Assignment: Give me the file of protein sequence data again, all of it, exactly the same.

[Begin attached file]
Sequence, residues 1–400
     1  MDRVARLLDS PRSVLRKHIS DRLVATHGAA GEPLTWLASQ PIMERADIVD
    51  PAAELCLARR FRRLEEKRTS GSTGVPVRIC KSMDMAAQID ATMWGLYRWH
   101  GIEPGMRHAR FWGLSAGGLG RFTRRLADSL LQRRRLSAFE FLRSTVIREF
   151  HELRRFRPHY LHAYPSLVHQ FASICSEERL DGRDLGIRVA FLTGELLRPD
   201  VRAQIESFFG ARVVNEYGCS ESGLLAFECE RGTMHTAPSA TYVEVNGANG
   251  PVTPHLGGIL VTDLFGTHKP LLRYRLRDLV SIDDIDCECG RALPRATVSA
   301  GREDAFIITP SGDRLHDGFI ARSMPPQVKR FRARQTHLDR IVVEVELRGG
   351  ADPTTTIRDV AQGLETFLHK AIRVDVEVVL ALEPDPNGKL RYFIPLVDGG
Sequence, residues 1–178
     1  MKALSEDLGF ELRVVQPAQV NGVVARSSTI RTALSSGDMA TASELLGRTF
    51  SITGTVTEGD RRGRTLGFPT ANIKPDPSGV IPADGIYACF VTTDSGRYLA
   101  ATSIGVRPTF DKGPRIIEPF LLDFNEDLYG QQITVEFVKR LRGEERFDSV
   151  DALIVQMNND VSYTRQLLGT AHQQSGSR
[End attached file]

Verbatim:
Sequence, residues 1–400
     1  MDRVARLLDS PRSVLRKHIS DRLVATHGAA GEPLTWLASQ PIMERADIVD
    51  PAAELCLARR FRRLEEKRTS GSTGVPVRIC KSMDMAAQID ATMWGLYRWH
   101  GIEPGMRHAR FWGLSAGGLG RFTRRLADSL LQRRRLSAFE FLRSTVIREF
   151  HELRRFRPHY LHAYPSLVHQ FASICSEERL DGRDLGIRVA FLTGELLRPD
   201  VRAQIESFFG ARVVNEYGCS ESGLLAFECE RGTMHTAPSA TYVEVNGANG
   251  PVTPHLGGIL VTDLFGTHKP LLRYRLRDLV SIDDIDCECG RALPRATVSA
   301  GREDAFIITP SGDRLHDGFI ARSMPPQVKR FRARQTHLDR IVVEVELRGG
   351  ADPTTTIRDV AQGLETFLHK AIRVDVEVVL ALEPDPNGKL RYFIPLVDGG
Sequence, residues 1–178
     1  MKALSEDLGF ELRVVQPAQV NGVVARSSTI RTALSSGDMA TASELLGRTF
    51  SITGTVTEGD RRGRTLGFPT ANIKPDPSGV IPADGIYACF VTTDSGRYLA
   101  ATSIGVRPTF DKGPRIIEPF LLDFNEDLYG QQITVEFVKR LRGEERFDSV
   151  DALIVQMNND VSYTRQLLGT AHQQSGSR